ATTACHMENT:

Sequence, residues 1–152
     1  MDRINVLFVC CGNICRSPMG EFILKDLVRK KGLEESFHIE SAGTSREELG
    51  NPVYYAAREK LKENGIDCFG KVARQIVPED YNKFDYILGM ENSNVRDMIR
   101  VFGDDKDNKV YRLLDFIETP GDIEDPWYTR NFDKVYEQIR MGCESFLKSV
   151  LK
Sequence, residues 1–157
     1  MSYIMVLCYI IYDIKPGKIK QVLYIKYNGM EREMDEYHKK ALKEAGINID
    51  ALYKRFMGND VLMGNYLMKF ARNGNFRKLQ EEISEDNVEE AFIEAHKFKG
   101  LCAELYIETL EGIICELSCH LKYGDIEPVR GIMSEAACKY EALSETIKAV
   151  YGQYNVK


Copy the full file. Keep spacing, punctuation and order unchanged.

Sequence, residues 1–152
     1  MDRINVLFVC CGNICRSPMG EFILKDLVRK KGLEESFHIE SAGTSREELG
    51  NPVYYAAREK LKENGIDCFG KVARQIVPED YNKFDYILGM ENSNVRDMIR
   101  VFGDDKDNKV YRLLDFIETP GDIEDPWYTR NFDKVYEQIR MGCESFLKSV
   151  LK
Sequence, residues 1–157
     1  MSYIMVLCYI IYDIKPGKIK QVLYIKYNGM EREMDEYHKK ALKEAGINID
    51  ALYKRFMGND VLMGNYLMKF ARNGNFRKLQ EEISEDNVEE AFIEAHKFKG
   101  LCAELYIETL EGIICELSCH LKYGDIEPVR GIMSEAACKY EALSETIKAV
   151  YGQYNVK